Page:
abstract = "This thesis deals with the modelling of various microwave produced plasmas that are in use for the plasma enhanced chemical vapour deposition process in the fabrication of optical glass fibres. To that end, the platform plasimo was employed to construct a self-consistent simulation package. Several parts of plasimo have been improved, added or adjusted in order to perform these simulations. The completed simulations are valuable instruments for the analysis and optimization of the fibre production process. Microwave induced plasmas offer a manifold of novel high-tech industrial potentials. Using microwaves enables electrodeless plasma operation and has the advantage that the propagation of the waves can be modified by dielectrics and the resonator geometry like slit and chokes. Modelling microwave induced plasmas introduces several challenges. The constructed models consist of the interplay between three main modules: transport, chemistry and electromagnetic power coupling. The convective transport is modeled by solving the Navier-Stokes equations for the bulk flow, whereas the Stefan-Maxwell equations are applied to describe the diffusion of the various species with respect to the barycentric velocity. The electromagnetic energy coupling module is mainly dedicated to one specific resonator set-up. The fields in the plasma that result from an interplay between the applied field, the cavity shape, the dielectrics and the plasma are calculated self-consistently by using the Maxwell equations in the frequency domain. The resulting electric field gives the leading source term of the electron energy balance. In this resonator, the influence of dimensions and placement of features like slit and chokes are investigated. Other simulations use an approximate electromagnetic power coupling module for an axially symmetric self-guiding wave configuration; the surfatron. With respect to the chemistry, several compositions are investigated like argon and oxygen. To find a solution for the numerical difficulties we constructed a dedicated tool, PyRate, that integrates a set of equations for species concentrations in time. This gives insight in the various time constants, the main particle reservoirs and suitable initial conditions to run the two-dimensional simulations. The PyRate tool is applied to gas compositions like tetrachlorosilane and oxygen. Ultimately, the behaviour of precursors for the deposition of glass layers is investigated.",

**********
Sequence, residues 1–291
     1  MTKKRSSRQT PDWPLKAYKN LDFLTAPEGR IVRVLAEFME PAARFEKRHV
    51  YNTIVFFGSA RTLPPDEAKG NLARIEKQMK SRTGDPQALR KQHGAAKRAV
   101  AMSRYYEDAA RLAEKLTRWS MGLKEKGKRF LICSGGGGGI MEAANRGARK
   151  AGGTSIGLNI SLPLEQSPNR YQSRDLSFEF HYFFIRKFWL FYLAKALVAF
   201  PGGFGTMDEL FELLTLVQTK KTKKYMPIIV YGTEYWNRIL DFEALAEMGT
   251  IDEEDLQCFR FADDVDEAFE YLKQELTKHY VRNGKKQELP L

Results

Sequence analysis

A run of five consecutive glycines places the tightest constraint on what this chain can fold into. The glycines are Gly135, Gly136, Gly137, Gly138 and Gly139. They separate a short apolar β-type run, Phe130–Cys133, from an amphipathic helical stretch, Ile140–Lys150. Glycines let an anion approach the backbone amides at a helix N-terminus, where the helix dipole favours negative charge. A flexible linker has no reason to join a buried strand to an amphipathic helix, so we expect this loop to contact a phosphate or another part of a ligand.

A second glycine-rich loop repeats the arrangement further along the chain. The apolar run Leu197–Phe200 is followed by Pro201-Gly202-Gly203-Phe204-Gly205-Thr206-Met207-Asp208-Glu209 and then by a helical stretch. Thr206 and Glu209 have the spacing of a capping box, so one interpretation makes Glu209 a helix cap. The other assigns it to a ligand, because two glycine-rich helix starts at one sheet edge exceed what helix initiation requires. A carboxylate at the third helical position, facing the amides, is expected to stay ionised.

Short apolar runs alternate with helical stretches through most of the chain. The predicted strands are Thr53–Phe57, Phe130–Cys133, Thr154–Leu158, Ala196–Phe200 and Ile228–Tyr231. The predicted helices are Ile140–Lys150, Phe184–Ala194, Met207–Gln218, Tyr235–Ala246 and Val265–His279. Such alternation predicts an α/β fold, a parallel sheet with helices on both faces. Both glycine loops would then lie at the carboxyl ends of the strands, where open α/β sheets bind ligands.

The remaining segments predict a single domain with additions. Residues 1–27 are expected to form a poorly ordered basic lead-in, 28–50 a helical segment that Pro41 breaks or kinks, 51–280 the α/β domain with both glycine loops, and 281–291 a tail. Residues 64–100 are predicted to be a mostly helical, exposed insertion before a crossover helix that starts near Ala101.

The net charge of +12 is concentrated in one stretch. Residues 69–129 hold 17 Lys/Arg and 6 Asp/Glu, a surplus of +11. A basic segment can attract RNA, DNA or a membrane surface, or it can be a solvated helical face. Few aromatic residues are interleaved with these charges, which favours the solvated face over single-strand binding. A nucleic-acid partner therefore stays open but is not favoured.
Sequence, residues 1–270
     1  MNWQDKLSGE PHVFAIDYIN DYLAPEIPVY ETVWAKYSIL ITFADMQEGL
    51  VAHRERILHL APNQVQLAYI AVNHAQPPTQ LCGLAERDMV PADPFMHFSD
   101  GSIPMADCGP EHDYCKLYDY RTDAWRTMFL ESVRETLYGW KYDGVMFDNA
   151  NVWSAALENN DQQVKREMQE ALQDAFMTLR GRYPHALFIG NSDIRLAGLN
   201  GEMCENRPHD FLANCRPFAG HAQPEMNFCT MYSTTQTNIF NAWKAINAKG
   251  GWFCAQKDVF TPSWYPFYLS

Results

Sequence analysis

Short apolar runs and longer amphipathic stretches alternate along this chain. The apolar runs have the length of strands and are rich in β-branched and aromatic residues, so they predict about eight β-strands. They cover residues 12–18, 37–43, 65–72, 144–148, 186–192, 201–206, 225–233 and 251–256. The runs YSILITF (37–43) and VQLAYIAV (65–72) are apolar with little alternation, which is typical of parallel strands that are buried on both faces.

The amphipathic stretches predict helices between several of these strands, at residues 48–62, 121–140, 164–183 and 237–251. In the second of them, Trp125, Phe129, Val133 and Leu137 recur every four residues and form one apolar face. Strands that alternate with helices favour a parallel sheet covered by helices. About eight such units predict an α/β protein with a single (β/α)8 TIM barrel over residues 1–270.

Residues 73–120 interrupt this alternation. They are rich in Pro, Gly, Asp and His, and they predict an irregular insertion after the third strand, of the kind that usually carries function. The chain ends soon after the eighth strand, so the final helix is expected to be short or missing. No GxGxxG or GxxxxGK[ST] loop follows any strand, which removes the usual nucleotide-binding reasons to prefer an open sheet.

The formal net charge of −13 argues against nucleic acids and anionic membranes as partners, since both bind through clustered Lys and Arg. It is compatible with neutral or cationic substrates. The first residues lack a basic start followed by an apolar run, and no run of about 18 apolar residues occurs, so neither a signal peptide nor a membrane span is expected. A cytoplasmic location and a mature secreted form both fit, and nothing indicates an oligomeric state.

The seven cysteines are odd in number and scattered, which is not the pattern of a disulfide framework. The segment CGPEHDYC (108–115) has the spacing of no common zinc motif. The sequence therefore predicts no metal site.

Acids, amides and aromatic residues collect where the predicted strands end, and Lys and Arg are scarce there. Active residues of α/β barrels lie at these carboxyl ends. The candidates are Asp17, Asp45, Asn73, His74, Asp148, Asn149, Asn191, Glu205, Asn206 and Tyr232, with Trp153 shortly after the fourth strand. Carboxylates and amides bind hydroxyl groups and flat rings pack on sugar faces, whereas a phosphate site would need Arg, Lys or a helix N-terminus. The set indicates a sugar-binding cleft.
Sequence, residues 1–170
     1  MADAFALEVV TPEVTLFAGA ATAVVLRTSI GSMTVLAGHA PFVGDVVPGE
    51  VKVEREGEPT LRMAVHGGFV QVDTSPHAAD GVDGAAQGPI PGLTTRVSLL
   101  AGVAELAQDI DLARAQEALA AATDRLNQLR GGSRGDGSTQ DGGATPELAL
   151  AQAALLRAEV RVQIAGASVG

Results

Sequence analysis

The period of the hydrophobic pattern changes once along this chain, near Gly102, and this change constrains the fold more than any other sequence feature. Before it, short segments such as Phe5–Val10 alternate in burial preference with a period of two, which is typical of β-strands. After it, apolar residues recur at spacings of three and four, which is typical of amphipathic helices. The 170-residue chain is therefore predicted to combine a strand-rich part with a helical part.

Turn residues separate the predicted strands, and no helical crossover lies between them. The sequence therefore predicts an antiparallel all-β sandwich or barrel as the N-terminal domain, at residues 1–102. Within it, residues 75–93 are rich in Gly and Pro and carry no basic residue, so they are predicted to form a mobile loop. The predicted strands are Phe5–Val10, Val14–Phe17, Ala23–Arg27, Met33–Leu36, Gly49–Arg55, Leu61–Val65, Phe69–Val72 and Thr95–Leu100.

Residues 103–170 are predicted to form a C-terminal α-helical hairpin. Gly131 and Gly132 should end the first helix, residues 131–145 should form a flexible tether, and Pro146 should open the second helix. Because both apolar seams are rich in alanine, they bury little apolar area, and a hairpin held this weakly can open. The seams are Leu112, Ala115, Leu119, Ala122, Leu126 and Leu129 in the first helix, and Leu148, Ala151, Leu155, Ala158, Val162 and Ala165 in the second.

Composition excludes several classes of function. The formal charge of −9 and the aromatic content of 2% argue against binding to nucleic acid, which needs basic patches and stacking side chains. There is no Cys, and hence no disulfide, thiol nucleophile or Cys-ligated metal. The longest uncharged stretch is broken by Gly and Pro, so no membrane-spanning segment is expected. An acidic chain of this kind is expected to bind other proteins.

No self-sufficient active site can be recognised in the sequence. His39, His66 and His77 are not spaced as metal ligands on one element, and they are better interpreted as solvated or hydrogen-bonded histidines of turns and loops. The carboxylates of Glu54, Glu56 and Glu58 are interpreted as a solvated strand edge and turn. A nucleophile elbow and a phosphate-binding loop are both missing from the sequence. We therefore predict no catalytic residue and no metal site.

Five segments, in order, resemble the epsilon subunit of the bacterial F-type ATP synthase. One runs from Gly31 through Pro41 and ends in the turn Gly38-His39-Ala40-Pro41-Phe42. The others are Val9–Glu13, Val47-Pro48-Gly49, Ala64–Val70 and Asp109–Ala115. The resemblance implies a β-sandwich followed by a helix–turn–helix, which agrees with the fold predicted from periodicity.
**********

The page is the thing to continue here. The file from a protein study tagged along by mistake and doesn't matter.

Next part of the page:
author = "{Donker, van den}, M.J.",
year = "2008",
doi = "10.6100/IR633975",
language = "English",
isbn = "978-90-386-1240-9",
publisher = "Technische Universiteit Eindhoven",
school = "Department of Applied Physics",

}

Donker, van den, MJ 2008, 'Modelling microwave plasmas for deposition purposes : exploring the freedom in space and chemistry', Doctor of Philosophy, Department of Applied Physics, Eindhoven. https://doi.org/10.6100/IR633975

Modelling microwave plasmas for deposition purposes : exploring the freedom in space and chemistry. / Donker, van den, M.J.

Eindhoven : Technische Universiteit Eindhoven, 2008. 205 p.

Research output: ThesisPhd Thesis 1 (Research TU/e / Graduation TU/e)

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T1 - Modelling microwave plasmas for deposition purposes : exploring the freedom in space and chemistry

AU - Donker, van den, M.J.

PY - 2008